It is true, the proviso to Section 372 does not indicate, a victim while filing an appeal in the High Court must file a petition for leave to appeal before his appeal can be entertained. I am of the considered view, though, the proviso to Section 372 of Cr.P.C. does give a right to the victim to file an appeal, this proviso cannot be read in isolation. It has to be given a meaning which fulfills the intention of the Legislature. The proviso to Section 372 does not lay down the procedure as to how, in what manner, and within which time the appeal has to be filed. An appeal, being a creature of the statute, it is also necessary to prescribe the limitation and procedure for filing the appeal.
In case, I accept the proposition, the victim need not seek leave to appeal in case the appeal is to be filed in the High Court, there shall be an anomalous situation. Supposing there are two victims in a case and one of the victims files a complaint and sets the wheels of justice moving and the case is tried as a complaint case. In case the accused is acquitted and the victim who is the complainant wants to file an appeal in the High Court, he will have to a seek special leave to appeal whereas the victim who had not even approached the Court at the initial stage will be entitled to file an appeal without seeking leave to appeal. This could not have been the intention of the Legislature. Though the victim may have a right to file an appeal, this right of filing an appeal vested in the victim, cannot be larger than the right of filing an appeal which inheres in the State.
According to the records of National Crime Record Bureau, the conviction rate in the country in 2016 was only 21.25% and 78.75% cases ended in discharge or acquittal. One cannot lose sight of the fact that out of these 78.75% cases in which acquittal was recorded, there may be many cases which are totally false. It may be, many people are set free because of poor investigation and on account of indifferent prosecution. At the same time, it is not uncommon for individuals to file false cases. Therefore, while interpreting the law one cannot shut one’s eyes to the fact, a large number of false cases are filed and appeals will more likely than not be filed in such cases when the acquittal of the accused is ordered. The right of the victim to file an appeal is not taken away or in any manner weakened only because he has to seek leave to appeal. Though the victim has rights, one cannot forget, a victim who may have suffered may also seek revenge.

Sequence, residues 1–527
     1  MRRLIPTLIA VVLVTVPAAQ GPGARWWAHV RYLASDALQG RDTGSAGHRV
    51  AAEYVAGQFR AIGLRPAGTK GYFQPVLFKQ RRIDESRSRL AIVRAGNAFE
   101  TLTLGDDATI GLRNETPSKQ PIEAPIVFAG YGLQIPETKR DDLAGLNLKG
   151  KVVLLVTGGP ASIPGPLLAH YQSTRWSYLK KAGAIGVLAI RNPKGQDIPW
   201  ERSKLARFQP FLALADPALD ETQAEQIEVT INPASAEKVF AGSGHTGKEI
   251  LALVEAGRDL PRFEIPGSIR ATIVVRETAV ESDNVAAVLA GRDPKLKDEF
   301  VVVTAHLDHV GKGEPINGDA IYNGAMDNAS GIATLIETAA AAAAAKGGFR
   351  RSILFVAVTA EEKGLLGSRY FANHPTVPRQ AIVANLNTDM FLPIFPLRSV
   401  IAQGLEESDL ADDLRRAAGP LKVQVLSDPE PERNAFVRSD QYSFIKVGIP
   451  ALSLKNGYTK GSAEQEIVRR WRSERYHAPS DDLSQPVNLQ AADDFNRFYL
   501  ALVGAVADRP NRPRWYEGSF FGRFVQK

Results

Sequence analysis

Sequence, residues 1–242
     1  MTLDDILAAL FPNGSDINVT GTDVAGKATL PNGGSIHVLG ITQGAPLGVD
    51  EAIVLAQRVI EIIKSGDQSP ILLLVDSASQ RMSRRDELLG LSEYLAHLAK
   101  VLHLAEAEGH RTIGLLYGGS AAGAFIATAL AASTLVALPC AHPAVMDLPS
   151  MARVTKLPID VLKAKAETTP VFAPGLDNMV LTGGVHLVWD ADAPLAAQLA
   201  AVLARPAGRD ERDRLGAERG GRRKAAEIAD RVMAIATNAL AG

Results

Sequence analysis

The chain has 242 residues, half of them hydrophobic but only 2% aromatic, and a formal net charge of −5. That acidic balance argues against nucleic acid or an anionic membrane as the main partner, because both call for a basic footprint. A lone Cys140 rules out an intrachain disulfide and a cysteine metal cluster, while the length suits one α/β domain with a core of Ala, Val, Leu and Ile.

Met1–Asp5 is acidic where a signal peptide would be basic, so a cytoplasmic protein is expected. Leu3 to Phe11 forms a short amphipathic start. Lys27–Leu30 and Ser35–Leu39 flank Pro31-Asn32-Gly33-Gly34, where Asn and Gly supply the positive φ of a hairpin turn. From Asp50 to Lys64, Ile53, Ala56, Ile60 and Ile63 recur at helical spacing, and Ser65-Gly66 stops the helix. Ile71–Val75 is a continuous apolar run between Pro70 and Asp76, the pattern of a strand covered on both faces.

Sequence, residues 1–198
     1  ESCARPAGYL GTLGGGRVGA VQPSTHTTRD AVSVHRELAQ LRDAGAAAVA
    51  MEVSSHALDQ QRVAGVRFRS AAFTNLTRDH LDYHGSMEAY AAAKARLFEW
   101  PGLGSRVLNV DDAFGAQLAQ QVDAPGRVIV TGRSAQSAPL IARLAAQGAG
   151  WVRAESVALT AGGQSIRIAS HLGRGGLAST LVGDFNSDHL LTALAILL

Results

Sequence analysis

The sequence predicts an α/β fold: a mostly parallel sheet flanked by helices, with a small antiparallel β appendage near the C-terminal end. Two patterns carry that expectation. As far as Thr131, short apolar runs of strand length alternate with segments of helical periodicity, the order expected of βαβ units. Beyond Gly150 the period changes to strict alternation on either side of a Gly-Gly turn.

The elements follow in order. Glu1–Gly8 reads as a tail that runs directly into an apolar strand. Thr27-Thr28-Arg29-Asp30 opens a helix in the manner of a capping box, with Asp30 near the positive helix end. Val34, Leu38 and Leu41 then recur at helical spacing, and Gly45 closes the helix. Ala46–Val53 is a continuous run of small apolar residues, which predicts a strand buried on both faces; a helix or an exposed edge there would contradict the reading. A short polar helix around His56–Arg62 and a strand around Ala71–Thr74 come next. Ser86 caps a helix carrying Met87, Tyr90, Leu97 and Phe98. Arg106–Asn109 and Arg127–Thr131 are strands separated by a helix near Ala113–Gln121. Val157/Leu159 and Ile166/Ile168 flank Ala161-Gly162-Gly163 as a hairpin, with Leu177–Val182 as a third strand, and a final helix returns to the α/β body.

Therefore, I am of the view, when the victim files an appeal against acquittal in the High Court he has to seek leave to appeal under Section 378(3).”
– Hon’ble Justice Deepak Gupta, Mallikarjun Kodagali v. The State of Karnataka, [Criminal Appeal Nos. 1281-82 of 2018].
Hidayatullah, J. had once observed, a proviso is generally added to an enactment to qualify or create an exception to what is in the enactment, and the proviso is not interpreted as stating a general rule.
Hon’ble Justice Deepak Gupta’s partial dissent is well worded and important. There must be further adjudication on the issue to avoid prolonged arguments before Court, killing the time intended to be saved.